rice - 6.00
wheat groats 4.50
MOSCOW PRICES AT THE BEGINNING OF 1937, IN ROUBLES, A KILO: (2.2 LBS.)
wheat bread 1.70
rye bread 0.85
meat for stew 6 to 7
oleomargarine 10 to 11
edible oil 13 to 14
These are prices paid by all buyers, including the unfortunates who
must make both ends meet on a monthly wage of 80 to 200 roubles.
To get an exact idea of the situation that the Russian worker finds
himself in, compare these figures with those of your own budget. And remember: the prices given in the last table are Moscow prices. They are
often quite different in the provinces, with the ratio always favoring
Many Westerners have permitted themselves the cruelty of saying that
the present misery of the Russian worker is an improvement as compared
to the time of the Tsar.
It is true that the Russian worker was badly housed before the revolution. But he ate abundantly. The Russian is a big eater. The Russian
worker, under Tsarism, had a simple but plentiful fare. Foodstuffs were
cheap. Daily he ate his stew and kasha. He had sugar, lard, cabbage, tea,
and good bread in large quantity.
In 1925-1927, in the last years of the Nep, this standard of alimentation was even surpassed. It then fell radically, affecting the entire population, including the peasants, the oldest of whom cannot recall similar
What is the cause of this condition? It is accounted for, in part, by
the State's program of boundless industrialization, consisting of the forced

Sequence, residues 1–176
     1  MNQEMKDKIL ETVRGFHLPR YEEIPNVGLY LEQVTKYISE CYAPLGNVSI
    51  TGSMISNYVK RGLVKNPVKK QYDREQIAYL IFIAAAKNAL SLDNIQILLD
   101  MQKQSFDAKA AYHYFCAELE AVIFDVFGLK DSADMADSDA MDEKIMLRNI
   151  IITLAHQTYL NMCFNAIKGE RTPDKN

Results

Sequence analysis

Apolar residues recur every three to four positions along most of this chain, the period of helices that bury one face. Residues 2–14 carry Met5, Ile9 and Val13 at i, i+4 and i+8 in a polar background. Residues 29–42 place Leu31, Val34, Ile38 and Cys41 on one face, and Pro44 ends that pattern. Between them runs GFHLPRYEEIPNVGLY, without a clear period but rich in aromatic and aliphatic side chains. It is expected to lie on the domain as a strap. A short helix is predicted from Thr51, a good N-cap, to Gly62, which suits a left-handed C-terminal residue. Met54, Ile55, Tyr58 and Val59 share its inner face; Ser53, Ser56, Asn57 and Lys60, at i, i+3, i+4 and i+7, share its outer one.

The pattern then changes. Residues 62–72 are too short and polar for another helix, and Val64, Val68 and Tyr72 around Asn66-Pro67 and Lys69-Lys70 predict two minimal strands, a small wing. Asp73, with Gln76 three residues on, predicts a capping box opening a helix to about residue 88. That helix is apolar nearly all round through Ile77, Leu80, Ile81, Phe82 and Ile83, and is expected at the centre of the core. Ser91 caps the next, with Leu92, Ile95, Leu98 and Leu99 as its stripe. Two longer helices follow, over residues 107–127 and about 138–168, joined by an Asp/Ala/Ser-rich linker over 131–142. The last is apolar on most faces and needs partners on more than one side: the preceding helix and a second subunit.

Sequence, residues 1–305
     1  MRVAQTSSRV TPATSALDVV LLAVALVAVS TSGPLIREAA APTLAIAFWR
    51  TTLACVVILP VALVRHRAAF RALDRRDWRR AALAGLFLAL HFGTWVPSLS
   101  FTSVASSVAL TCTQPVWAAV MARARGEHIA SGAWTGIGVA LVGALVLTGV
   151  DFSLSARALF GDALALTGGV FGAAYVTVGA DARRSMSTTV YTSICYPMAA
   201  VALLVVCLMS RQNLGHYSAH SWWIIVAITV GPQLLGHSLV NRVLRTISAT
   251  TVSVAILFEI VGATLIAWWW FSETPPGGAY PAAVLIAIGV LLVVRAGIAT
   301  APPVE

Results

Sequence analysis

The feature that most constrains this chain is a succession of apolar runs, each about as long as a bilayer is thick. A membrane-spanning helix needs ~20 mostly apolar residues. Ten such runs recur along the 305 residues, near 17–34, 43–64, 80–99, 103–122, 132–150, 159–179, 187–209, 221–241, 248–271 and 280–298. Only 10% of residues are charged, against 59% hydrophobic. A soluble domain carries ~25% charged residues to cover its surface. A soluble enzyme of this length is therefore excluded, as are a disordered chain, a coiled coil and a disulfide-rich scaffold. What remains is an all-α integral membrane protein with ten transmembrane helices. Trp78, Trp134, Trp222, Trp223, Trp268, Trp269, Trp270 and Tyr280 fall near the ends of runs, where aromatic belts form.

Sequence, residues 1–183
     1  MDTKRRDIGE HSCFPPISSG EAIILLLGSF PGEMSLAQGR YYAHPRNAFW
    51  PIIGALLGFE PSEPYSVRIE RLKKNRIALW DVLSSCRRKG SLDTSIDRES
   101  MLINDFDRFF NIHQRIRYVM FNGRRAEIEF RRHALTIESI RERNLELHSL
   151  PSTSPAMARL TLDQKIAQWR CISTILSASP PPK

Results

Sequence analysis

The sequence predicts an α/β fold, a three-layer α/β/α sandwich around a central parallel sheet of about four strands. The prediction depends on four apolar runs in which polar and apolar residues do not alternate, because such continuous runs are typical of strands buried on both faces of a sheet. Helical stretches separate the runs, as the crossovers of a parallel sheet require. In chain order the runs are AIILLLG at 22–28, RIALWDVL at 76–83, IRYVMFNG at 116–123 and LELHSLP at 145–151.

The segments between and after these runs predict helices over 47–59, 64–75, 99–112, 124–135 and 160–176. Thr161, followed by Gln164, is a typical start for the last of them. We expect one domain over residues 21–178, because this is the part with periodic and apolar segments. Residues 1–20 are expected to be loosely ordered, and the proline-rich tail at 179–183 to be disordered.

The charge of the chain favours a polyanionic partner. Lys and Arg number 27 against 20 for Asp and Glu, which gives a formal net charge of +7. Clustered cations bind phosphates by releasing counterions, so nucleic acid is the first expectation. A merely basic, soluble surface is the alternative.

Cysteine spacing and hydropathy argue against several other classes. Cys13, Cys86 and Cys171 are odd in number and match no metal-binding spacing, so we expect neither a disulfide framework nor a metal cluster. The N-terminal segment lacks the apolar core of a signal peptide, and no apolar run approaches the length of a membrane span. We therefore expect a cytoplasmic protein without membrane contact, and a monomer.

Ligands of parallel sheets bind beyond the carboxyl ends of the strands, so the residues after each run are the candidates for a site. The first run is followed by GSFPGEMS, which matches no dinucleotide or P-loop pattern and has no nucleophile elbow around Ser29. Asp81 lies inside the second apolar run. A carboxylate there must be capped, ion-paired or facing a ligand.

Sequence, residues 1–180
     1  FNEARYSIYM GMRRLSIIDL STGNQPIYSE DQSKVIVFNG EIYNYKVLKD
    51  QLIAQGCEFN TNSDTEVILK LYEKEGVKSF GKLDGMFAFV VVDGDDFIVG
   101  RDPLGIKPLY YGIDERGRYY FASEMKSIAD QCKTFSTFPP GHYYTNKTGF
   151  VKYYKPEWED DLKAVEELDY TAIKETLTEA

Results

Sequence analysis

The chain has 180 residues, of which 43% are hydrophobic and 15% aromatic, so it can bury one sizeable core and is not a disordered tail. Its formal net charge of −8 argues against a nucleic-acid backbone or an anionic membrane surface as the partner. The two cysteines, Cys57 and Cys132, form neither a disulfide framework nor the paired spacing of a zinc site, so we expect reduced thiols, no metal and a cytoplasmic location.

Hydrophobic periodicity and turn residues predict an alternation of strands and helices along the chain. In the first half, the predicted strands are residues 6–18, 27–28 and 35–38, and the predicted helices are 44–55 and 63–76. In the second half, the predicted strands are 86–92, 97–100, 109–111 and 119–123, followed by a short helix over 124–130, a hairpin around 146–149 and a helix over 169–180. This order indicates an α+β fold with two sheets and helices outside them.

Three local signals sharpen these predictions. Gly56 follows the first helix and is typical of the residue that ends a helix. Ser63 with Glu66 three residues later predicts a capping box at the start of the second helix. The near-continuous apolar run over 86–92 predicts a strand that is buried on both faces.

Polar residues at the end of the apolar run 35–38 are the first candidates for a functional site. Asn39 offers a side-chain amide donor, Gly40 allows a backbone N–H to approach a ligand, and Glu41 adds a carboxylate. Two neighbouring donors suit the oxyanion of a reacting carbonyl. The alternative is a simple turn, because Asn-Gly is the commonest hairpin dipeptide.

development of heavy industry and the manufacture of means of production rather than means of subsistence. Another reason is the forced "collectivization" of the countryside in the four years from 1929 to 1933, which
led, among other things, to the disappearance of more than half of the
Artisan production was well developed in old and Nep Russia. The
peasant who busied himself as an artisan producer during the long winter
months was almost self-sufficient. In the name of "organized" economy, the
artisan production of Russia was destroyed. Almost instantly, industry was
facing needs that it could not satisfy.
During that period, the hurried exportation of grain, fish, butter, eggs,
oils, flax, etc. paid for the importation of machines. I remember how in
1931, while I was working at the loading of salt fish to be shipped abroad
from a Soviet port, the "accidental" breaking of a cask was like a gift
from heaven to the famished longshoremen. We rushed to pick up the
pieces of fish, though some of it had landed in the mud.
The "shortage" found in the USSR is, therefore, not a natural product. It is the exclusive result of the will and acts of the masters of the
country. They say that they know best what is good for humanity. They
say that they know best the ways leading to what is good for humanity.
Coldly, pitilessly, they impose their "truth" on the helpless country.